The Baton Rouge Advocate only mentioned New Orleans if a particularly egregious crime took place there, and the New Orleans daily, The Times-Picayune, dealt strictly with the business of state government which happened to be located in Baton Rouge. The Legislature was mostly hostile to New Orleans, and the budget battles were epic. As for the citizenry, Baton Rougeans had an instinctive distaste for the more famous town; it was only 80 miles away but it could have been 900. It was understood among Baton Rougeans that New Orleans is where one misspent a small portion of one's youth, but after college, one not only better stay out of it but quit mentioning it altogether. The only public transportation between the two cities was by Greyhound bus, but there was (and is) barely any public conveyance in Baton Rouge that might take one to the Greyhound station. In fact, Baton Rouge public transportation is dismal.
On the other hand, in the minds of New Orleanians, Baton Rouge evokes more disdain than it deserves. Best known in this regard is the reaction of Ignatius J. Reilly in A Confederacy of Dunces, who takes the Greyhound bus from New Orleans to Baton Rouge once and has such a horrific experience he will never repeat it. Nor would anyone else reading the book, unless forced by circumstances. Well, the circumstances came, and tens of thousands of New Orleanians found themselves in the middle of Ignatius' nightmare. It didn't turn out to be so bad: the locals were hugely generous and they turned out to be, after all, not just human, but a lot like themselves. New bonds were forged in Katrina's aftermath and the relationship between the two cities will never be the same. Common interests, social, economic, and political became abundantly clear. Also abundantly clear became the damage of mutual neglect over time.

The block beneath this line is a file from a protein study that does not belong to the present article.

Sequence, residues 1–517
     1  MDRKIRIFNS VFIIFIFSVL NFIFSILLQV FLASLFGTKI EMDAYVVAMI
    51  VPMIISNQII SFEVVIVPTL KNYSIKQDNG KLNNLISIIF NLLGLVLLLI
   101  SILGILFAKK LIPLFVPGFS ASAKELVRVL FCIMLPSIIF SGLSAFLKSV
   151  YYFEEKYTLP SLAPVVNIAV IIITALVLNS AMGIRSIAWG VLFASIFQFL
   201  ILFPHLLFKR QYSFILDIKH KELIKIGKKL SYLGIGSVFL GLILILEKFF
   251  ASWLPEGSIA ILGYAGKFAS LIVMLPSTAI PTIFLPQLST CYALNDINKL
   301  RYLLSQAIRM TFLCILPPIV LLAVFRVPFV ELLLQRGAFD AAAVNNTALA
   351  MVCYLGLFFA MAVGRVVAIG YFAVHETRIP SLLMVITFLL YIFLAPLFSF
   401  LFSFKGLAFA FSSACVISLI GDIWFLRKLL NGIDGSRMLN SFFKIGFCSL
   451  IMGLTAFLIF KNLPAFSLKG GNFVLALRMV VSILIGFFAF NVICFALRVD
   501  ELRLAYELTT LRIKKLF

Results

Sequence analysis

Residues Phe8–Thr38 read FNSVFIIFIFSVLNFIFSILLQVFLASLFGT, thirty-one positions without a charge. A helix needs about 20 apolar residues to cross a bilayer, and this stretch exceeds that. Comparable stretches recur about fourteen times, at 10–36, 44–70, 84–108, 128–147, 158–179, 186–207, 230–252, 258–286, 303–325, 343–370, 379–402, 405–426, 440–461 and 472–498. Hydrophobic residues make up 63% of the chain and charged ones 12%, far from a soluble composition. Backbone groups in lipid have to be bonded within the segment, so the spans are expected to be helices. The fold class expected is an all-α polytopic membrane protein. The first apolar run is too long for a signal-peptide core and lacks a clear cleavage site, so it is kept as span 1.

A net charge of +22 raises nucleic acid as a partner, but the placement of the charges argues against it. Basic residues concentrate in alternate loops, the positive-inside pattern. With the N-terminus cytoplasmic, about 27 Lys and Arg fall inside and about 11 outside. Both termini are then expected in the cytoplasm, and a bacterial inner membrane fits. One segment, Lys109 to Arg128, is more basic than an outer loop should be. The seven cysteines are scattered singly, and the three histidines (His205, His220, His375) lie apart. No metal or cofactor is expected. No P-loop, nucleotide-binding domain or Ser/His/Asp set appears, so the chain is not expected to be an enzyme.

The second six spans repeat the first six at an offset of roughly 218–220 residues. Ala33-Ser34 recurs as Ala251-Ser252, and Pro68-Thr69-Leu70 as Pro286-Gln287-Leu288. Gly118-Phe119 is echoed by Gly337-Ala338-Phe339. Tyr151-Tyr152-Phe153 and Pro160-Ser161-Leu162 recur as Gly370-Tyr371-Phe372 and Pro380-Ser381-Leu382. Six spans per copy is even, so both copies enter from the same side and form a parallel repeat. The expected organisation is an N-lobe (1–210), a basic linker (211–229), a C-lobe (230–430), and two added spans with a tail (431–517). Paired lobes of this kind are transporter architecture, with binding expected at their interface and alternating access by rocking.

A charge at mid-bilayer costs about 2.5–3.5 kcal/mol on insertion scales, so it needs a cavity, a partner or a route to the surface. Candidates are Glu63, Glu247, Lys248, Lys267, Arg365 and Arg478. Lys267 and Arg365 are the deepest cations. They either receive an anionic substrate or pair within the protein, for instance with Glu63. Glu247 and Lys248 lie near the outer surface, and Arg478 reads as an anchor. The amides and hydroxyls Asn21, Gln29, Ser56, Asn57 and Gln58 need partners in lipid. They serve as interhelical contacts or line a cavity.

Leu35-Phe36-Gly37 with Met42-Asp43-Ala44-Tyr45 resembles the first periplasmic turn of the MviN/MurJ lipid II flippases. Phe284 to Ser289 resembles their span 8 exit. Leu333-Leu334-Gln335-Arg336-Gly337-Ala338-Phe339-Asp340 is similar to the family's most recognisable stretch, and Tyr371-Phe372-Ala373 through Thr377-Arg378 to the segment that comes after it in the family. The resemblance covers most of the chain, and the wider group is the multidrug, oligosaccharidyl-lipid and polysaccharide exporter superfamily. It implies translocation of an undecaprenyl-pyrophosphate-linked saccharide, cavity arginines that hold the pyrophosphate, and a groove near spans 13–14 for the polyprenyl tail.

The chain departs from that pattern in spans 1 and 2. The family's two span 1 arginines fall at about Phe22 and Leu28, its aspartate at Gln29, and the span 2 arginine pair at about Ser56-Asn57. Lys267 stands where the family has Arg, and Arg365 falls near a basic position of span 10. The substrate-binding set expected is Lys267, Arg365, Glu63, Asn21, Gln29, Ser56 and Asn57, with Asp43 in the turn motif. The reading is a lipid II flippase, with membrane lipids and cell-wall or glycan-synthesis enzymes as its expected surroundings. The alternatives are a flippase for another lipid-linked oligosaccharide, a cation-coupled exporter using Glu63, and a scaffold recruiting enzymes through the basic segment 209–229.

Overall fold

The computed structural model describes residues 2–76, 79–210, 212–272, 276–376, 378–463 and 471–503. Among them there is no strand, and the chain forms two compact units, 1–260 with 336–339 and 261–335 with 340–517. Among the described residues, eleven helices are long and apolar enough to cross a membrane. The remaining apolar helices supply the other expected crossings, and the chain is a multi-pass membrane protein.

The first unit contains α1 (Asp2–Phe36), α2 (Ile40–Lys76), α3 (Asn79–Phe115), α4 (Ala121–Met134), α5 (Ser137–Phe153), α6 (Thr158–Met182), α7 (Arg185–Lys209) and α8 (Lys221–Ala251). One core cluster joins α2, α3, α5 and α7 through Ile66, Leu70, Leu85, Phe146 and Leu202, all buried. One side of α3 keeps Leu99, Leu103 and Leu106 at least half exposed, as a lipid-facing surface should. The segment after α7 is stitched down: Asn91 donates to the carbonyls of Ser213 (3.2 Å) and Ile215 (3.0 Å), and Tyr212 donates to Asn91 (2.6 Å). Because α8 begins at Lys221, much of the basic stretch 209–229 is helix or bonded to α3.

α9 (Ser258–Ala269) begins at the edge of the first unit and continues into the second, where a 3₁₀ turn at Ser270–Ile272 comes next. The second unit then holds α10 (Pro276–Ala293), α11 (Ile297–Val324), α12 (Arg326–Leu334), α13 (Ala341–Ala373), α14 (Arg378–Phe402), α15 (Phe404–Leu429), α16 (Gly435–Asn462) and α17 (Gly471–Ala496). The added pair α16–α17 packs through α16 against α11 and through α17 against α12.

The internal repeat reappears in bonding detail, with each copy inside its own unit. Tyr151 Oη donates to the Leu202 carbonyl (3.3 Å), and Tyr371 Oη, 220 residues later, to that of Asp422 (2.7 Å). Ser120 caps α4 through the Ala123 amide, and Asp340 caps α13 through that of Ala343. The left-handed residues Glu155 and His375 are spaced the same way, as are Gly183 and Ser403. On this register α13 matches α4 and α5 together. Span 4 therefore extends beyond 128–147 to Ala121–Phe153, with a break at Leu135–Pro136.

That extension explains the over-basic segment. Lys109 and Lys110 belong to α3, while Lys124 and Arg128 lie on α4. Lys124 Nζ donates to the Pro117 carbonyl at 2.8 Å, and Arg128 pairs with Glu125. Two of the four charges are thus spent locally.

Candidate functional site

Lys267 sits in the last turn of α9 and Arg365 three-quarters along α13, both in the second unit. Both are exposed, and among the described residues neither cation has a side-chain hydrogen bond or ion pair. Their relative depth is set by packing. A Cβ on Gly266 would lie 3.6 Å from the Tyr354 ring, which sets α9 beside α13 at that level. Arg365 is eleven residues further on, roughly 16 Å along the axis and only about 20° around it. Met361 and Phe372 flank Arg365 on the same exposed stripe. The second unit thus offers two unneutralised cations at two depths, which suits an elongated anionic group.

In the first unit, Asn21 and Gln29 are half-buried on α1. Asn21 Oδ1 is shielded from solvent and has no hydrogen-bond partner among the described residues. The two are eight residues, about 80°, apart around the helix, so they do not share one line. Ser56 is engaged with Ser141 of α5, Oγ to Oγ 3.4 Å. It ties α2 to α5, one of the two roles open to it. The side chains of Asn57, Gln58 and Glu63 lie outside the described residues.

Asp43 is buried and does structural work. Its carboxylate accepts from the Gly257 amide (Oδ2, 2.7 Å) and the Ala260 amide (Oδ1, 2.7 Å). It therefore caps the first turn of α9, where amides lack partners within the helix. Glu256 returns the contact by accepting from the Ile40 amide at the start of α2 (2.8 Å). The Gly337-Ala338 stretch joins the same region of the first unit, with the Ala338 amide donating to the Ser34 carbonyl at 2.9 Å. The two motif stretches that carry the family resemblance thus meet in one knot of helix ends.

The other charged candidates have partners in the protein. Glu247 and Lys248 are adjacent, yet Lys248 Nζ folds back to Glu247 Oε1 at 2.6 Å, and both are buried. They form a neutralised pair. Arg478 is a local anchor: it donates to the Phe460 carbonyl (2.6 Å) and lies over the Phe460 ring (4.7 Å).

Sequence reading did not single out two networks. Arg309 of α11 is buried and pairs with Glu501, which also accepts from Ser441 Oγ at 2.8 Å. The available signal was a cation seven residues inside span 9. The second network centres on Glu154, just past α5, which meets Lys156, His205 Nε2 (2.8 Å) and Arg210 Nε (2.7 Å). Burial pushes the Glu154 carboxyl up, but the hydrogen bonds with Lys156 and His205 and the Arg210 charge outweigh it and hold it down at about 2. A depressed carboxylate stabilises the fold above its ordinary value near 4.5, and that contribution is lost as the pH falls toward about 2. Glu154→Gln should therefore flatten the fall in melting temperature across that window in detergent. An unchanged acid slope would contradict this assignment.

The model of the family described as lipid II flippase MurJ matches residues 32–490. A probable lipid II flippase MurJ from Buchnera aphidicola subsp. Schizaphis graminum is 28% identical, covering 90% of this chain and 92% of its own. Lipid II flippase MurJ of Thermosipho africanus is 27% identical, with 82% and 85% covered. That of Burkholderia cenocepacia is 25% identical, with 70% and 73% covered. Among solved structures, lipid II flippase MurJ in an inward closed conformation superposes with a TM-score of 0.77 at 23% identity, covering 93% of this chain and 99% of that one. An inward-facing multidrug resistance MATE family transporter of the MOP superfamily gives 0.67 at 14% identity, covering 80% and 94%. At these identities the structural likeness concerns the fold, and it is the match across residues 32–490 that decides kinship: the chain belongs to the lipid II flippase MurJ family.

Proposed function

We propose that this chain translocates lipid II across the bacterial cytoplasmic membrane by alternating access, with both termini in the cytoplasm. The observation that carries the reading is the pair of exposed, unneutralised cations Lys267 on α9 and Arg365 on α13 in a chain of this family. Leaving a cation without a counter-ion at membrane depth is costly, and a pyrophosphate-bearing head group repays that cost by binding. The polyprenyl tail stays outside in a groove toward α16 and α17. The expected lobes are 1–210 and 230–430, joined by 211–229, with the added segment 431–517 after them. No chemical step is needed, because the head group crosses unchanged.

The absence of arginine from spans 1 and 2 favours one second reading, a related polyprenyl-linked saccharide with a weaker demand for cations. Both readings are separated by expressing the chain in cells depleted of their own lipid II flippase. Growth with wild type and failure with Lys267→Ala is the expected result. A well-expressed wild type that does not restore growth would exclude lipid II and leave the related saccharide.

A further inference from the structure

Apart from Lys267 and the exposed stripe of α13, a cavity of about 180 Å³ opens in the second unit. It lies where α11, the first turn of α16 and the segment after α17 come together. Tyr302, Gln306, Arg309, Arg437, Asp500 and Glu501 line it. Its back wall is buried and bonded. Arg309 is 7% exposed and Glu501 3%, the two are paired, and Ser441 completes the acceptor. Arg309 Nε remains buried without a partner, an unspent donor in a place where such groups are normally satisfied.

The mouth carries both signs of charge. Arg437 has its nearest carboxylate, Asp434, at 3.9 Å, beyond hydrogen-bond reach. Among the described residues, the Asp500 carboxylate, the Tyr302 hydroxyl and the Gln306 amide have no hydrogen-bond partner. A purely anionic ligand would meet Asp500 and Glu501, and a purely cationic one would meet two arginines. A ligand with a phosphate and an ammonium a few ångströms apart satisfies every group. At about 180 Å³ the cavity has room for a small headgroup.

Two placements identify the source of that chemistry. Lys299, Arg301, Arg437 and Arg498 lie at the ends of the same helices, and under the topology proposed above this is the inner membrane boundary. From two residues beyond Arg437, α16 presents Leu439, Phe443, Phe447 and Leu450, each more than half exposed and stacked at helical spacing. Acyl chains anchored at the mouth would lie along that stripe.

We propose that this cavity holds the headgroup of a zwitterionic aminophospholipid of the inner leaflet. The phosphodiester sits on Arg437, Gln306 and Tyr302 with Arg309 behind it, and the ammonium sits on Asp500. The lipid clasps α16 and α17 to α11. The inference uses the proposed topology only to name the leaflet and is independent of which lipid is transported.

The two cities need to be linked now in ways that will be beneficial to the whole region. Light rail between the major cities of Louisiana, Texas and Mississippi will instantly increase the economic clout of the Gulf region. Our natural resources and opening to the Gulf make us a potential superpower -- if we can overcome years of petty provincialism and find the political will to see the region in its entirety. And yes, the mayor is right, light rail will make possible the evacuation of population centers. But even barring another catastrophe, it might be really nice to get from one town to another in a civilized way, the way a Bostonian might go to New York for a weekend, to see a play or something.